Irritant gas inhalation injury: symptoms, diagnosis and patient care

Irritant gases are those which, when inhaled, dissolve in the mucosal water of the respiratory tract and cause an inflammatory response, usually due to the release of acid or alkaline radicals

Exposures to irritant gases mainly affect the airways, causing tracheitis, bronchitis and bronchiolitis

Other inhaled drugs may be directly toxic (e.g. cyanide, carbon monoxide) or cause harm by simply replacing oxygen and causing asphyxia (e.g. methane, carbon dioxide).

The effect of inhalation of irritant gases depends on the magnitude, duration of exposure and the specific agent.

Chlorine, phosgene, sulphur dioxide, hydrochloric acid, hydrogen sulphide, nitrogen dioxide, ozone and ammonia are among the most important irritant gases.

Hydrogen sulphide is also a potent cellular toxin, blocking the cytochrome system and inhibiting cellular respiration.

A common exposure involves domestic mixing of ammonia with detergents containing bleach; chloramine, an irritant gas, is released.

Acute exposure to irritant gases

Acute exposure to high concentrations of toxic gas in a short period is characteristic of industrial accidents, due to a faulty valve or pump in a gas cylinder, or accidents occurring during gas transportation.

Many people may be exposed and affected. The release of methyl isocyanate from a chemical plant in Bhopal, India, in 1984 killed > 2000 people.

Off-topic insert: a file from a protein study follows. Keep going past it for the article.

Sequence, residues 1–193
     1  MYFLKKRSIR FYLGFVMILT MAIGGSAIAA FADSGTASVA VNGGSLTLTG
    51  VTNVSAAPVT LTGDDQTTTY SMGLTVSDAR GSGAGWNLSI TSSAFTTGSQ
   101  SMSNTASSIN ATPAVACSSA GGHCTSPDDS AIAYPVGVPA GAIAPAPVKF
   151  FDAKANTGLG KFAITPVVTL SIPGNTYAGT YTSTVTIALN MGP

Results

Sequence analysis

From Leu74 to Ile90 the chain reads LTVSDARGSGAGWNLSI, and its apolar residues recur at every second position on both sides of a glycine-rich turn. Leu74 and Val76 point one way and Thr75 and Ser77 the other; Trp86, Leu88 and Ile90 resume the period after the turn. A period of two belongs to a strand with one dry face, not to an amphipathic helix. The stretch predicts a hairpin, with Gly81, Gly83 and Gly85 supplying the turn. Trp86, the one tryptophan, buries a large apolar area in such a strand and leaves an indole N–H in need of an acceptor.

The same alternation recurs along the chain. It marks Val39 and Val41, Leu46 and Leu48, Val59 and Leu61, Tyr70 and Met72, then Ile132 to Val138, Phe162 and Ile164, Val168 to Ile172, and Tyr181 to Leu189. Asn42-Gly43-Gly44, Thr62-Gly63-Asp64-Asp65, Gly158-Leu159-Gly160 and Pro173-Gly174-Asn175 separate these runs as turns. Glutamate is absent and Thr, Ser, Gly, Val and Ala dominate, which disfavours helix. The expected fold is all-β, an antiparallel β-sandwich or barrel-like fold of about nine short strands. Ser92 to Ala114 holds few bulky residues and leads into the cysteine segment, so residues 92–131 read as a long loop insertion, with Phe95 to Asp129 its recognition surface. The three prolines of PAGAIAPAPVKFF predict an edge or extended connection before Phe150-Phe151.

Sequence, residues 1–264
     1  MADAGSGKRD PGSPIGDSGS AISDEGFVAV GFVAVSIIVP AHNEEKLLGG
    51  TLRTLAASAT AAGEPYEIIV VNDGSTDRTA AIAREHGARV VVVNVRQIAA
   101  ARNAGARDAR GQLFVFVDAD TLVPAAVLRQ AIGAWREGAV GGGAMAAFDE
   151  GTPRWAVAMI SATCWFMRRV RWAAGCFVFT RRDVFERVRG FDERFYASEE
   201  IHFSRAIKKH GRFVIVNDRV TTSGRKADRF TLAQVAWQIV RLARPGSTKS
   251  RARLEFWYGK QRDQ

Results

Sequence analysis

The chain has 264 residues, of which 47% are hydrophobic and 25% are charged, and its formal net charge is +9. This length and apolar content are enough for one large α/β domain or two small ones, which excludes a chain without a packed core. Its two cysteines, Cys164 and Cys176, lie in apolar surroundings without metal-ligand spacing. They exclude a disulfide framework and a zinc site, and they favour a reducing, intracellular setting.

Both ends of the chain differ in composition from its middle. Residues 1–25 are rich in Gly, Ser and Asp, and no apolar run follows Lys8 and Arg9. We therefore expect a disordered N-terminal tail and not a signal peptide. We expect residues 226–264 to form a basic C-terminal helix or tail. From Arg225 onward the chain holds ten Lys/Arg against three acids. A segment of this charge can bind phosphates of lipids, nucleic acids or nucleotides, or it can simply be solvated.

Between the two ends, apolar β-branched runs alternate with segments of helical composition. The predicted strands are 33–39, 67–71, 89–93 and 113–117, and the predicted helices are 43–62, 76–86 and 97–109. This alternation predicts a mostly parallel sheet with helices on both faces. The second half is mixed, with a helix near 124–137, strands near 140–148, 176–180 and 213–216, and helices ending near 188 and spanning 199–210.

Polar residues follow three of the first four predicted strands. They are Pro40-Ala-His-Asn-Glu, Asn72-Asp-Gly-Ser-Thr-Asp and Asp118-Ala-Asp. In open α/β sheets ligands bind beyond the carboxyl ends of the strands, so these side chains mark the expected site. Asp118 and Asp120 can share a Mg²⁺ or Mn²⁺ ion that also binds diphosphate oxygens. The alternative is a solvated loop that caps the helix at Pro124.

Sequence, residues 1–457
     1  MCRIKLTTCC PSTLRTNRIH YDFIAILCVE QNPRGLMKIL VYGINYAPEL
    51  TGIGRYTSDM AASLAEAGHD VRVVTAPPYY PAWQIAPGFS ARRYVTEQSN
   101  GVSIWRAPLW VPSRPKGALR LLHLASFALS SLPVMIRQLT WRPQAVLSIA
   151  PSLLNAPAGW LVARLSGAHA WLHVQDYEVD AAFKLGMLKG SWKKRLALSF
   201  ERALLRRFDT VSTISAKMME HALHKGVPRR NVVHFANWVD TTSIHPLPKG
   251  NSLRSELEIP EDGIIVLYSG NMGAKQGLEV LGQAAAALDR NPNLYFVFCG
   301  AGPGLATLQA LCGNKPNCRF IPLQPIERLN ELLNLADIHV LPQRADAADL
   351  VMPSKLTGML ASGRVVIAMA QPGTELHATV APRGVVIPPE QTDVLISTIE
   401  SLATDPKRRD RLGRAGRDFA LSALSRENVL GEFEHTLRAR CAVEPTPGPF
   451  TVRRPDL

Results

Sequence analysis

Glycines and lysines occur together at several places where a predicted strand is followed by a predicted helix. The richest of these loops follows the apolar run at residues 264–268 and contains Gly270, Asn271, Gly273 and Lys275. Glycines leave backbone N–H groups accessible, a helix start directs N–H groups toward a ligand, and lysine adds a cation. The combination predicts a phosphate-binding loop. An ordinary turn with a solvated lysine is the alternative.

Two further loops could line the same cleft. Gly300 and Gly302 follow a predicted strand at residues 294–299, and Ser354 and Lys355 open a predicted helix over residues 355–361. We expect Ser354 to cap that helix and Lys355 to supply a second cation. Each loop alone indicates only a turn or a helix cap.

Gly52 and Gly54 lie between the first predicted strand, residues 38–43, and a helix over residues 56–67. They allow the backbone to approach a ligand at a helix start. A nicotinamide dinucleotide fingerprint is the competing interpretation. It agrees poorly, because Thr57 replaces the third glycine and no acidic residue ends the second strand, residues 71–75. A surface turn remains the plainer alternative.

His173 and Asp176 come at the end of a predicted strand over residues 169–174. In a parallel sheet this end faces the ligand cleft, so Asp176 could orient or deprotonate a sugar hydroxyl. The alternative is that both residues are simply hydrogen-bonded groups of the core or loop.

Respiratory damage is related to the concentration and water solubility of the gas and the duration of exposure.

More water-soluble gases (e.g. chlorine, ammonia, sulphur dioxide, hydrochloric acid) dissolve in the upper respiratory tract and immediately cause irritation of the mucous membranes, alerting people to the need to avoid exposure.

Permanent damage to the upper respiratory tract, distal airways and lung parenchyma only occurs if escape from the gas source is prevented.

Less soluble gases (e.g. nitrogen dioxide, phosgene, ozone) cannot dissolve until they enter the respiratory tract, often reaching the lower airways.

These agents are less able to cause early warning signals (phosgene at low concentrations has a pleasant odour), are more likely to cause severe bronchiolitis, and often have a delay of ≥ 12 h before symptoms of pulmonary oedema develop.

Complications of irritant gas inhalation

The most severe and immediate complication is acute respiratory distress syndrome, which usually occurs acutely but may be delayed up to 24 h.

Patients with significant lower airway involvement may develop a bacterial infection.